Generic.Trojan.Injector.DDS s Malwarebytes’ detection name for Trojans that inject themselves into other processes or files, detected by Malwarebytes’ Katana engine.
The detection names are produced by Malwarebytes 4 and Malwarebytes business products. These generic malware detections are due to our new automated signature system called BytesTotal and specifically the DDS engine that are based on Machine Learning technology with 100% autonomous learning which don’t require any human interaction to correctly identify malware. These techniques are part of Malwarebytes’ Katana engine and were developed for automated mass detection of wide ranges of malware and adware.
Type and source of infection
Generic.Trojan.Injector.DDS inject their code into other processes or files, which is n effective method to hide from the average user as they will only see the regular active processes. The payload of these Trojans can vary from gathering information about the infected system to downloading and installing additional malware.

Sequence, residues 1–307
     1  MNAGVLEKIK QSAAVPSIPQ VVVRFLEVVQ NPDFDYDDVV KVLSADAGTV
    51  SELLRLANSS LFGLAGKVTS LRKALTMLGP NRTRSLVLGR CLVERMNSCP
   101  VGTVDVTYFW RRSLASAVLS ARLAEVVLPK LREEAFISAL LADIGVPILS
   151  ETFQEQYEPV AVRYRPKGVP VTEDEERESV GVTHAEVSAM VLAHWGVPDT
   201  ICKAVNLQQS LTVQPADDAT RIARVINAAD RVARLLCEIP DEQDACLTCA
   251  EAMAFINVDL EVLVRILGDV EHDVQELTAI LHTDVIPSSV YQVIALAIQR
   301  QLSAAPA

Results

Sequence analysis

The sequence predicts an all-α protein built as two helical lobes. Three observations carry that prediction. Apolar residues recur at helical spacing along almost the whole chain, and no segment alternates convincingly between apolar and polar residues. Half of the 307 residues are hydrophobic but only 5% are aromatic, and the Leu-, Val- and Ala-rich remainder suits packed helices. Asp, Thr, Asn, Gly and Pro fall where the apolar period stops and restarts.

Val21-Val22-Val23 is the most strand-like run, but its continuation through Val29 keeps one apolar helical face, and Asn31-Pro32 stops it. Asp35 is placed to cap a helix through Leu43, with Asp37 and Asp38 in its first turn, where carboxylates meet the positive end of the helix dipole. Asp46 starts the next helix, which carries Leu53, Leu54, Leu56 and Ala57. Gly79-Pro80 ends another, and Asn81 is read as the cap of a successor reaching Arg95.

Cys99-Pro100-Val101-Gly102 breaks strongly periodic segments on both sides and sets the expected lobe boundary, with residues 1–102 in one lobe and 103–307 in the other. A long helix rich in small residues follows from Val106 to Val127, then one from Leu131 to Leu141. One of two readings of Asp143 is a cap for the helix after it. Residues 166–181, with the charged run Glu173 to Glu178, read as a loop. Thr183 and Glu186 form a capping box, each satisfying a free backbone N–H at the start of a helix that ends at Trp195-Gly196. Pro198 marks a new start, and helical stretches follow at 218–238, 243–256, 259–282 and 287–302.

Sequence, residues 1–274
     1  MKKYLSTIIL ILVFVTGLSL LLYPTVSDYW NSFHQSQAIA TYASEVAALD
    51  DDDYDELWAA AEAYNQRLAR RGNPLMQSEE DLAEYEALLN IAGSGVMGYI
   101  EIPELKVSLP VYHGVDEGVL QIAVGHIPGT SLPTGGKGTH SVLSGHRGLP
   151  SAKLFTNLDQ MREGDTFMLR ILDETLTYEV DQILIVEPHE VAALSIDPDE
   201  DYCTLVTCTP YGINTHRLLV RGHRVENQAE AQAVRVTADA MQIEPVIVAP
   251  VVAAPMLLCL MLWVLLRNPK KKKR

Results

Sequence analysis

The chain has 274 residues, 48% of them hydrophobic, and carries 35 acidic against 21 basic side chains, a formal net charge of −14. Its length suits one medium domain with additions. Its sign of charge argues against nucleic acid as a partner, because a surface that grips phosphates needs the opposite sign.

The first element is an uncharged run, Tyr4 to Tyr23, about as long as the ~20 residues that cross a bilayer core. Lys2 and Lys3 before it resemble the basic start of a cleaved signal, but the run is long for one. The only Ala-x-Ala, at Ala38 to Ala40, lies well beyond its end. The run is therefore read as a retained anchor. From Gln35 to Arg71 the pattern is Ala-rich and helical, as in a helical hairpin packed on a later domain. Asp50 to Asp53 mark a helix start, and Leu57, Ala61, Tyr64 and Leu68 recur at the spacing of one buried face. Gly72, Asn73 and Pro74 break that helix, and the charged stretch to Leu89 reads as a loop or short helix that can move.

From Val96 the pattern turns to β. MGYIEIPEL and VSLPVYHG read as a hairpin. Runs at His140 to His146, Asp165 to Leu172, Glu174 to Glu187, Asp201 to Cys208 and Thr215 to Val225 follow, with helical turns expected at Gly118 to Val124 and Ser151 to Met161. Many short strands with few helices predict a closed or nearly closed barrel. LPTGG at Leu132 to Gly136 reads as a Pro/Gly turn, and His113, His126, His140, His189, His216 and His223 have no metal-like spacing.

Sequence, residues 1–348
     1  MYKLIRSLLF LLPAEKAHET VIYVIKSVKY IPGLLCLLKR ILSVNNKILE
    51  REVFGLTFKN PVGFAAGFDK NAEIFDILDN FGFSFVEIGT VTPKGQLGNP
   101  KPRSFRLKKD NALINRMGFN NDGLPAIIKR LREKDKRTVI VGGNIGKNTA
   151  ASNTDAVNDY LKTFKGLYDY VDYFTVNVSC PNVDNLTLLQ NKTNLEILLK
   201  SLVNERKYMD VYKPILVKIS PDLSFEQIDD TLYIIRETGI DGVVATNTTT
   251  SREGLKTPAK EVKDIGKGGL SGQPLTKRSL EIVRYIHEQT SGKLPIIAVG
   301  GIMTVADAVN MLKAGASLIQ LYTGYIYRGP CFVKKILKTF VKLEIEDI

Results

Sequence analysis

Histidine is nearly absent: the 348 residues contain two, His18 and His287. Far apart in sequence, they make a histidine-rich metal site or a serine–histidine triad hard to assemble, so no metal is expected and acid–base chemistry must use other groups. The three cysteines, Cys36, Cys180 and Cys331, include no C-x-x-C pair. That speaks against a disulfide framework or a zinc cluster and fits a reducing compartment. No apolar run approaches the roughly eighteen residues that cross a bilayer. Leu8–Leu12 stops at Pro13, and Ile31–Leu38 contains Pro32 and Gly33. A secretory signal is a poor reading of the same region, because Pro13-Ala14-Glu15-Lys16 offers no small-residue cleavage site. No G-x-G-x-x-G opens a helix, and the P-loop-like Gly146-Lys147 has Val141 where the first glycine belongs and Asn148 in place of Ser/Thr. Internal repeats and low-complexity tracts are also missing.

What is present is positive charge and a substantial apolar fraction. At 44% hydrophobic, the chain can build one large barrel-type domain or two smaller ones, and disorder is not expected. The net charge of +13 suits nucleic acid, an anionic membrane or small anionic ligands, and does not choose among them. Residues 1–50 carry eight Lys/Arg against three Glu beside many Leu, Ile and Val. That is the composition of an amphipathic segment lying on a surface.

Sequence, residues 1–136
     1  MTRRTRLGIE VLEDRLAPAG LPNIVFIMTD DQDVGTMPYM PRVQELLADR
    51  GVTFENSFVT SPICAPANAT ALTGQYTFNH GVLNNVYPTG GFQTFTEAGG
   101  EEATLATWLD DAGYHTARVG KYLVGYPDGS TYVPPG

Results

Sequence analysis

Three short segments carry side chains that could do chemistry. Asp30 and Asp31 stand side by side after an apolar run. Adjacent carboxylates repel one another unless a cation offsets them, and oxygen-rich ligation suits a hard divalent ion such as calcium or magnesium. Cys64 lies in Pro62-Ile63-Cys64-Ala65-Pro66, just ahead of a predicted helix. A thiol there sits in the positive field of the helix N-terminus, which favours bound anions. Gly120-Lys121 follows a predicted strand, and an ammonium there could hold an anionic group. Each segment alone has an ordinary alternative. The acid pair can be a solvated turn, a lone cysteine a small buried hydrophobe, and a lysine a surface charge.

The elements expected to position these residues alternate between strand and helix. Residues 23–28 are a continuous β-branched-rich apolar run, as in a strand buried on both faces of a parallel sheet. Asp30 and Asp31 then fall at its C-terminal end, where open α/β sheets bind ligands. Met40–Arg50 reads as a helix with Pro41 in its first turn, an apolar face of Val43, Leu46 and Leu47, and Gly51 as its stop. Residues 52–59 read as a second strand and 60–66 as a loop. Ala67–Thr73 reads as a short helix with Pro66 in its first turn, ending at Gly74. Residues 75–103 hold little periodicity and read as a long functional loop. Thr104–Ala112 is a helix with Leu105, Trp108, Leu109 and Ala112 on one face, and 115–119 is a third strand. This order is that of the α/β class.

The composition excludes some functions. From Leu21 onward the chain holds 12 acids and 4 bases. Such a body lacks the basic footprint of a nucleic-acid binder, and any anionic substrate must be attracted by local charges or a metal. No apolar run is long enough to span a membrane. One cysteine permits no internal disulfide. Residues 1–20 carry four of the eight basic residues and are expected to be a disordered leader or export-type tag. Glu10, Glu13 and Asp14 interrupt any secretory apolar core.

Common infection methods for Trojans include: – Downloading cracked applications or keygens – Downloading unknown free programs (games, screensavers, and simple, entertainment-related applications) – Opening infected attachments and macros – Opening an image or other type of file that is in reality an executable with a changed extension – Visiting websites that have been compromised or set up to infect users. This can also be a result of third-party content such as malvertising
The Malwarebytes’ Katana engine detects unknown threats as Generic.Trojan.Injector.DDS by using generic detections, Machine Learning, and other Artificial Intelligence techniques to protect users from malware that has not yet been classified.